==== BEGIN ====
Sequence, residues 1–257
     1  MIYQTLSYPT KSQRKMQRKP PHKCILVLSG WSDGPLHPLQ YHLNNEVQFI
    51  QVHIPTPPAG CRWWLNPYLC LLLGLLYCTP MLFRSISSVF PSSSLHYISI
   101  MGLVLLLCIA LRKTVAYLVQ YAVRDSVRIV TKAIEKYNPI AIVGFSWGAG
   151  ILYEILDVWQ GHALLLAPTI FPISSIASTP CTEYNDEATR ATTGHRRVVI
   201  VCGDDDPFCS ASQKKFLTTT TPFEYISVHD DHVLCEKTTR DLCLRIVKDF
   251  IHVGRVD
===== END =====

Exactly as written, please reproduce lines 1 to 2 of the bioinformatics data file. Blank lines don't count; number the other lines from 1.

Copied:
Sequence, residues 1–257
     1  MIYQTLSYPT KSQRKMQRKP PHKCILVLSG WSDGPLHPLQ YHLNNEVQFI